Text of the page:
Let $G$ be a finite solvable group whose order is divisible by at least three distinct primes. If every Hall $p'$-subgroup of $G$ is nilpotent, show that $G$ is nilpotent.

I feel like the best approach would be to show that every Sylow subgroup is normal. We know that there exists Slow p-subgroups for the three distinct primes, but can't like it to the Hall $p'$-subgroups.


$\newcommand{\index}[1]{\lvert #1 \rvert}$Let $r$ be an arbitrary prime dividing the order of $G$. Let $p, q$ be two other primes dividing the order of $G$, so that $p, q, r$ are distinct.

Let $X$ be a Hall $p'$-subgroup, and $Y$ be a Hall $q'$-subgroup. The intersection $X \cap Y$ contains a Sylow $r$-subgroup $R$, and by assumption this is normal in both $X$ and $Y$. Moreover $G = \langle X, Y \rangle$, so that $R$ is normal in $G$.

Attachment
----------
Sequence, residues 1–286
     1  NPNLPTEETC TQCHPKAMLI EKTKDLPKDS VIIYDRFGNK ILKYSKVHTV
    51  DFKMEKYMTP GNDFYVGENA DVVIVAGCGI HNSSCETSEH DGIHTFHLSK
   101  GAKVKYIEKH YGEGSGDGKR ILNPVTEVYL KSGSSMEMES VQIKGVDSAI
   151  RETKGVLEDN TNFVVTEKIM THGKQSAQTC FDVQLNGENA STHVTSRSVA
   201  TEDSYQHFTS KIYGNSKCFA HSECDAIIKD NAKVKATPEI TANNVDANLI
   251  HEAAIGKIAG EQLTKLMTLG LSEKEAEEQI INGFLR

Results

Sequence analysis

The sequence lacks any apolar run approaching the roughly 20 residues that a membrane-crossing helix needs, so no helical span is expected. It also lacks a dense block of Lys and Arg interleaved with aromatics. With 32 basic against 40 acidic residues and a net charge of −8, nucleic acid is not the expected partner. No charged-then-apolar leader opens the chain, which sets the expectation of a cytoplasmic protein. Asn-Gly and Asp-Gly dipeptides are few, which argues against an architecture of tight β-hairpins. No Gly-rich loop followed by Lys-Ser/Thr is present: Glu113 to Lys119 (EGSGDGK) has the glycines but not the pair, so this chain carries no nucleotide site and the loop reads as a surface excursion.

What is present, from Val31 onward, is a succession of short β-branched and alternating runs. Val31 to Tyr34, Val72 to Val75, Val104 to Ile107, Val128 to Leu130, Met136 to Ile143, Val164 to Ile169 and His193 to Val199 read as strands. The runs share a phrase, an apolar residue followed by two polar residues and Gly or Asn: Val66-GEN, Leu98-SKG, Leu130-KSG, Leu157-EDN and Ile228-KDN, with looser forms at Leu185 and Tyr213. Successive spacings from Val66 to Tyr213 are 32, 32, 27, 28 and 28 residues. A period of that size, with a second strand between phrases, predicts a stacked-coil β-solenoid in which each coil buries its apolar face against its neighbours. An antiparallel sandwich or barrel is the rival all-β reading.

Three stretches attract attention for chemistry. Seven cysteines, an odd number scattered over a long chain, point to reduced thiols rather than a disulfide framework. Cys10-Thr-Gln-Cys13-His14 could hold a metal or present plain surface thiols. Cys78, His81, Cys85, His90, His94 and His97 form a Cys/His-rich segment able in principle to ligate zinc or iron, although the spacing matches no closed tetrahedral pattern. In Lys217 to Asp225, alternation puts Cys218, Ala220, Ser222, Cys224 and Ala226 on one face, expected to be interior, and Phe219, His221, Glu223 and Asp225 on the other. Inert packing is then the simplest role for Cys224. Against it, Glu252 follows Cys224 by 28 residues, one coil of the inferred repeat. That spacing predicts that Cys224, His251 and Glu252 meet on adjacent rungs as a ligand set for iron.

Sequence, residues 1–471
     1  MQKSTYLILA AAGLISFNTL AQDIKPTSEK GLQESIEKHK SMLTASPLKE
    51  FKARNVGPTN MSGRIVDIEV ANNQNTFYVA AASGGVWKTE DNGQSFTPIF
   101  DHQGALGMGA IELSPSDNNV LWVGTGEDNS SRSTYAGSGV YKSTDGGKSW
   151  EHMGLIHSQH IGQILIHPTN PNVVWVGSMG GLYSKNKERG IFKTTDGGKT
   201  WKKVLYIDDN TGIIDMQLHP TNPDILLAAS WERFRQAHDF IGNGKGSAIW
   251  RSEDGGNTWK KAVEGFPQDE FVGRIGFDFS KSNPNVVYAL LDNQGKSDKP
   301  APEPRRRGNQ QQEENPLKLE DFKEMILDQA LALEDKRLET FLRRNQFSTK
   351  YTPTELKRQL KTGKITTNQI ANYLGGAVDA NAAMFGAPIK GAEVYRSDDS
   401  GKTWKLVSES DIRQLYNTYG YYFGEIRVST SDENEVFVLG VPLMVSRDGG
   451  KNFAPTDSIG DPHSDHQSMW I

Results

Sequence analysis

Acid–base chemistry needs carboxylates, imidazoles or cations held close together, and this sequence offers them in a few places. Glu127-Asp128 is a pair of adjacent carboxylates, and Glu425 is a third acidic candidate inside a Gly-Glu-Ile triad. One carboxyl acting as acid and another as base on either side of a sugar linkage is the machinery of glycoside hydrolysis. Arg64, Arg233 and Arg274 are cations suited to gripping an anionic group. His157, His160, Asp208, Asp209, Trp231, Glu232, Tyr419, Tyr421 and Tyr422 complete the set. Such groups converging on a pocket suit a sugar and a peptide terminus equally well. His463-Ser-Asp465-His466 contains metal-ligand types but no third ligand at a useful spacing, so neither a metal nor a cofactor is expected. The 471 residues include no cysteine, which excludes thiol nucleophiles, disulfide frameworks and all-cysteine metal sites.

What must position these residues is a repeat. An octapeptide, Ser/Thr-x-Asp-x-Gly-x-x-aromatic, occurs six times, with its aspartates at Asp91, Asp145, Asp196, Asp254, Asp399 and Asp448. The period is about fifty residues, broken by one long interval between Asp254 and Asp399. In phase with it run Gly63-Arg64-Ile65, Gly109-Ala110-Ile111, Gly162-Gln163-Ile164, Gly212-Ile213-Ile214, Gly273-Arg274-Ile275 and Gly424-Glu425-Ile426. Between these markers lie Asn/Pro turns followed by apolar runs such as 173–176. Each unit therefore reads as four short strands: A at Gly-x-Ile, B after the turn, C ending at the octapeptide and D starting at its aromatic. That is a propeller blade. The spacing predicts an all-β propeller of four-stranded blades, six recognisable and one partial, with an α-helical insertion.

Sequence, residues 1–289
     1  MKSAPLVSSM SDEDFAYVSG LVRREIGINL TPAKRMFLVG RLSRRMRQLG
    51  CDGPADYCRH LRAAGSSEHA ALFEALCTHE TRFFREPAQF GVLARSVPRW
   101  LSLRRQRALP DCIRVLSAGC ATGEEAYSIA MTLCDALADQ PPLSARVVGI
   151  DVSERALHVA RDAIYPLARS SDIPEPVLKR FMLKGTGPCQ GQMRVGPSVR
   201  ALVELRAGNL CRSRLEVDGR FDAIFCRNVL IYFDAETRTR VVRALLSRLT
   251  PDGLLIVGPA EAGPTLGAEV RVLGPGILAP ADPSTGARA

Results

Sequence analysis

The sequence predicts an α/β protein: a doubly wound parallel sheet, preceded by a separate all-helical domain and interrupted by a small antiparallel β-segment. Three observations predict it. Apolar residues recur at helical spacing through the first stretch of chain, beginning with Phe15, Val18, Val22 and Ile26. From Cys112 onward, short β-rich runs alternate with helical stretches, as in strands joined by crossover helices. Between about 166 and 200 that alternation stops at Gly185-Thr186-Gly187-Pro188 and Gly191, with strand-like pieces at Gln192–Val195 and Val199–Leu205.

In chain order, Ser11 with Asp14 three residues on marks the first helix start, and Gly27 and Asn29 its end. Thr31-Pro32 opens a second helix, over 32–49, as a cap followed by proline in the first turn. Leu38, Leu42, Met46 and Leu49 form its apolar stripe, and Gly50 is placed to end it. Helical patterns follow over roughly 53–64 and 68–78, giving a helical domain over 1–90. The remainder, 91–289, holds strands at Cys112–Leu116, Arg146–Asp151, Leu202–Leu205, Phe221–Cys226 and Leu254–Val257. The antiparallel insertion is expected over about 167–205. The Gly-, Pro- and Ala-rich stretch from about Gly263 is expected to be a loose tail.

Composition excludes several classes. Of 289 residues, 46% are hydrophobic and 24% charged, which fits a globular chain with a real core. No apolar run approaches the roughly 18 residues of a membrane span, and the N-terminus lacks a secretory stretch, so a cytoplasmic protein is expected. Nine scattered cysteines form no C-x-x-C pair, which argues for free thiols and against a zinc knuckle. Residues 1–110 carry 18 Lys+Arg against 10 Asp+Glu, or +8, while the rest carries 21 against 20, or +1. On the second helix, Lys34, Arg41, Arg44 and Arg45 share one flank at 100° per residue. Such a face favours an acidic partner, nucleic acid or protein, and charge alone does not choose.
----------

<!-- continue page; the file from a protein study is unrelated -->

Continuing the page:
This result is useful. It shows among others that we have $\index{G:X \cap Y} = \index{G:X} \cdot \index{G:Y}$ and $G = X Y = \langle X, Y \rangle$ here.

  • $\begingroup$ Thank you for your answer, however I don't understand why the intersection $X\cap Y$ contains a Sylow $r$-subgroup. We know know $r$ divides the order of $X$ and $Y$, why does this imply that it divides the order of $X\cap Y$? $\endgroup$ – user234542 Apr 27 '15 at 2:18
  • $\begingroup$ It follows from the formula for the index of the intersection. $\endgroup$ – Andreas Caranti Apr 27 '15 at 6:04

Your Answer

By clicking “Post Your Answer”, you agree to our terms of service, privacy policy and cookie policy

Not the answer you're looking for? Browse other questions tagged or ask your own question.